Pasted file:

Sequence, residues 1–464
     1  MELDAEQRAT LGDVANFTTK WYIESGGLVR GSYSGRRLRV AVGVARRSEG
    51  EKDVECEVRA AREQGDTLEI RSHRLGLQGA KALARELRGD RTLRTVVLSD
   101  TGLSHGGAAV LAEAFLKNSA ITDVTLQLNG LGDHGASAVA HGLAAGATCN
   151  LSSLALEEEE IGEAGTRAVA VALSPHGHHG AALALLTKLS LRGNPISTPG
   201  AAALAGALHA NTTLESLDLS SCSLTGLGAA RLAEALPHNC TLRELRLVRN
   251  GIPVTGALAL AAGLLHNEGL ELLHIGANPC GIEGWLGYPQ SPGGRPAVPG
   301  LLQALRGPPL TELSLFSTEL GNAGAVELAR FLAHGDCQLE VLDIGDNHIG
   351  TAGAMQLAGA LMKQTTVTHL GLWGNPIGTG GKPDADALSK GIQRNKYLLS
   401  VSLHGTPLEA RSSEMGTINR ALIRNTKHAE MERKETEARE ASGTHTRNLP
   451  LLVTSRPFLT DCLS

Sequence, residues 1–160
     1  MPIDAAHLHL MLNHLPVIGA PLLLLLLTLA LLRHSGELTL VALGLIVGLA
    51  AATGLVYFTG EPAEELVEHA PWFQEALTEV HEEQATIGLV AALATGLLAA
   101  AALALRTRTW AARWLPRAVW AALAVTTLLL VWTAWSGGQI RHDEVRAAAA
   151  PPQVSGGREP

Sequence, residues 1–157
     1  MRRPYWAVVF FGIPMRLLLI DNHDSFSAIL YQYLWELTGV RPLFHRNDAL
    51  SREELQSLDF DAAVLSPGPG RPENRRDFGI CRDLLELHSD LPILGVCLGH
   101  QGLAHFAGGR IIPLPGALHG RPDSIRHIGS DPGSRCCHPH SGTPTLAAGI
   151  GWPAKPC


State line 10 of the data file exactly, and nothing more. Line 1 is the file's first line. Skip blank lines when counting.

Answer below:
   401  VSLHGTPLEA RSSEMGTINR ALIRNTKHAE MERKETEARE ASGTHTRNLP